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Penn State Students Protest After Paterno Dismissal

STATE COLLEGE, Pa. (KDKA) -- Following the Penn State Board of Trustees announcement that Joe Paterno was out as the university's head football coach, students took to the streets of State College.

The Board of Trustees dismissed Paterno and Graham Spanier, the university's former president, late Wednesday night amid growing anger over the handling of child sexual abuse allegations against former defensive coordinator Jerry Sandusky.

During the news conference, reporters asked members of the Board of Trustees about possible protests.

"I think we have to do what we think was the right thing to do in these circumstances. There may be actions and reactions that flow from that, and we can't make our decisions based on what may happen," John Surma, vice president of the Board of Trustees, said. "We have to do what we think is right."

Some students gathered outside Paterno's home.

With his wife at his side, Paterno came outside and addressed those who gathered: "I love you, get some sleep, study, we still have things to do."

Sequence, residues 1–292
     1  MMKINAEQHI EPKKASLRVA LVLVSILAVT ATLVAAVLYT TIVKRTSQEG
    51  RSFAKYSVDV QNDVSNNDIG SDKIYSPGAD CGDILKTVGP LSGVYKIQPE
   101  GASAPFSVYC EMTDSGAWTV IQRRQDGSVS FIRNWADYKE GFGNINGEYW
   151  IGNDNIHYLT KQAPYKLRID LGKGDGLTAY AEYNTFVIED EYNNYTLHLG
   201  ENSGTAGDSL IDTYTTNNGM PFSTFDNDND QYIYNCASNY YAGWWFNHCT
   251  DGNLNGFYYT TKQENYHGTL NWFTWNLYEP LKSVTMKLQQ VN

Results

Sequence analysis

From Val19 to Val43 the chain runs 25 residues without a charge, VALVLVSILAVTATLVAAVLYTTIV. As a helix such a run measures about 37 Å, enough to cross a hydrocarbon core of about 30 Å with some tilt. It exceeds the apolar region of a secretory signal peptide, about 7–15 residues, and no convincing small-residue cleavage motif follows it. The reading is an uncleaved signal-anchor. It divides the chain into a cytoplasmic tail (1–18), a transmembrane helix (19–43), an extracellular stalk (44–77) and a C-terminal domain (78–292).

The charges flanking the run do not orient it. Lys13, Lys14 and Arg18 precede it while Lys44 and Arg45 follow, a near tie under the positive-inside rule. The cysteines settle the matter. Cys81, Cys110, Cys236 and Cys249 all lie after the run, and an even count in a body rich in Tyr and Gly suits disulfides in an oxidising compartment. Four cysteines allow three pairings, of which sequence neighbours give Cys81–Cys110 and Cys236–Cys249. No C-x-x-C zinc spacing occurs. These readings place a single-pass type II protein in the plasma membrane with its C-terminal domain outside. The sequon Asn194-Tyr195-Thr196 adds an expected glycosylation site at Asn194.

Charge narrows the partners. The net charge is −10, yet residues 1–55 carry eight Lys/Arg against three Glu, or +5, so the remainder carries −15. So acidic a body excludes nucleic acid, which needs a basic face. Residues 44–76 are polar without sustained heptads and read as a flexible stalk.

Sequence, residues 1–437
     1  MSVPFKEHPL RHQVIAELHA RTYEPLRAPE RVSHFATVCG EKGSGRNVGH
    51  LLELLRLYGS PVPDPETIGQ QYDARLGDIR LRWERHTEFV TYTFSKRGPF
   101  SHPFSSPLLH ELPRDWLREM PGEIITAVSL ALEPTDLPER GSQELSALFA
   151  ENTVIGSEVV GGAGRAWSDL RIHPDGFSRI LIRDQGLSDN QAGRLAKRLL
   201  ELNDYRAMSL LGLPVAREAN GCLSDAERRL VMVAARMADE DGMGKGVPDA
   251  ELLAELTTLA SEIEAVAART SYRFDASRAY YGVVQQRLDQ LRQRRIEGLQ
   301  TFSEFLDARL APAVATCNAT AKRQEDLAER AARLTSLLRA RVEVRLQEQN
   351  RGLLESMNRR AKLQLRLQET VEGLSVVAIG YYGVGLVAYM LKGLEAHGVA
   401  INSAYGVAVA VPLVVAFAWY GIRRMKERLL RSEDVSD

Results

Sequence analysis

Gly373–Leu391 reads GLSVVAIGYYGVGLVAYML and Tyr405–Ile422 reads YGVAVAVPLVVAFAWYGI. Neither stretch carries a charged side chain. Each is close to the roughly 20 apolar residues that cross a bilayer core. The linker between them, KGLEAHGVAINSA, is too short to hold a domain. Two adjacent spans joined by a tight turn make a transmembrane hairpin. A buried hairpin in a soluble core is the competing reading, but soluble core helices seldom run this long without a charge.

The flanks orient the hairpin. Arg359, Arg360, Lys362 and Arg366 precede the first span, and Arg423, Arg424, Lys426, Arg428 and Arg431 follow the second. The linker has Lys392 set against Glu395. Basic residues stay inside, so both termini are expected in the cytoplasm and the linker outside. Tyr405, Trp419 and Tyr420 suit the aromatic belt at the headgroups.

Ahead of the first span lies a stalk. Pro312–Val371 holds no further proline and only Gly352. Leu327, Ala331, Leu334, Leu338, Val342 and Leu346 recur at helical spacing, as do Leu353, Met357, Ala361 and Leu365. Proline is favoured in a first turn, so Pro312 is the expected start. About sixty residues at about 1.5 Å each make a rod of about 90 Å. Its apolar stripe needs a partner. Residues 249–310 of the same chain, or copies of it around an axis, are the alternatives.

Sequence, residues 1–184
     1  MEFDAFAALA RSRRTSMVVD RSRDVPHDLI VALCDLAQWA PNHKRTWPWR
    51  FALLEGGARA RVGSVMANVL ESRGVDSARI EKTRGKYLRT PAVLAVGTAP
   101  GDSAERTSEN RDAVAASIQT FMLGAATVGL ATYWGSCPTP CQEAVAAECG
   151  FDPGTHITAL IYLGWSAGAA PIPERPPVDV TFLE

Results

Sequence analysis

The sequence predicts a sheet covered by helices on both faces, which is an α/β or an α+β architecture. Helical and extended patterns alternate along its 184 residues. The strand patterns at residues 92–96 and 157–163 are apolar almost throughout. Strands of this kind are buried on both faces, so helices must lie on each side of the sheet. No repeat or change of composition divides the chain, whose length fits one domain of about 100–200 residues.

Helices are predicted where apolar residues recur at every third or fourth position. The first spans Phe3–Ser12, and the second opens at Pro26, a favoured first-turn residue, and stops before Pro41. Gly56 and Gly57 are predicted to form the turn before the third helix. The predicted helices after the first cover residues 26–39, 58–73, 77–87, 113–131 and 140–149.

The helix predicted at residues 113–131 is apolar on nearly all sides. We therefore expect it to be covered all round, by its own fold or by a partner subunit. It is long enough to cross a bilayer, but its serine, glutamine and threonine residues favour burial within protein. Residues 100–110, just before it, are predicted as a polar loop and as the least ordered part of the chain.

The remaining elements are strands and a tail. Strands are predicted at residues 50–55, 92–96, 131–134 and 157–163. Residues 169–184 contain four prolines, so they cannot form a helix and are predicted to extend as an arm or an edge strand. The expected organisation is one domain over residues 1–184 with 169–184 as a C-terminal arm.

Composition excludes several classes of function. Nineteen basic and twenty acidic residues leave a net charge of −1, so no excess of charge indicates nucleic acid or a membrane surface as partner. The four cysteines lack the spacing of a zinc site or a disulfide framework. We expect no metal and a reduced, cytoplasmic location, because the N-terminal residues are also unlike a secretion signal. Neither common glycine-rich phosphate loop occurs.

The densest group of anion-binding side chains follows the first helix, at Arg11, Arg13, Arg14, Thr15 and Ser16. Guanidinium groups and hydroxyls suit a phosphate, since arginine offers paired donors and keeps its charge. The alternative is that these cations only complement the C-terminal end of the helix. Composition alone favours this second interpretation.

KDKA's David Highfield reports:

Meanwhile, other students, an estimated 2,000, took to the streets of the community to protest the ouster of Paterno.

Some were peaceful while others set off firecrackers, threw eggs and rocks, and toppled a street lamp. Some students held signs as they marched from Old Main to Beaver Avenue in downtown State College. There were also chants of "We want JoePa!" and "One more game!"

"He really made this school into what it is today and we really love JoePa," said Brett Schwartz, a Penn State sophomore.

KDKA's Heather Abraham reports:

At one point, students overturned a news van belonging to a station in Altoona. The windshield was cracked and some students were spotted standing on top of the van.

Police in riot gear appeared to use some pepper spray at one point to try and disperse the crowd. The streets were mostly clear by 1 a.m.

In the aftermath, some students say they are embarrassed by the riots.

"I think that that's the worst reaction we could have had," said Felix Weilgel, a student. "I understand that people were angry, disappointed, sad, but we could have shown that by getting to together on Old Main Lawn or even on the street but quietly, peacefully."

There is no accurate number yet on how many were arrested.

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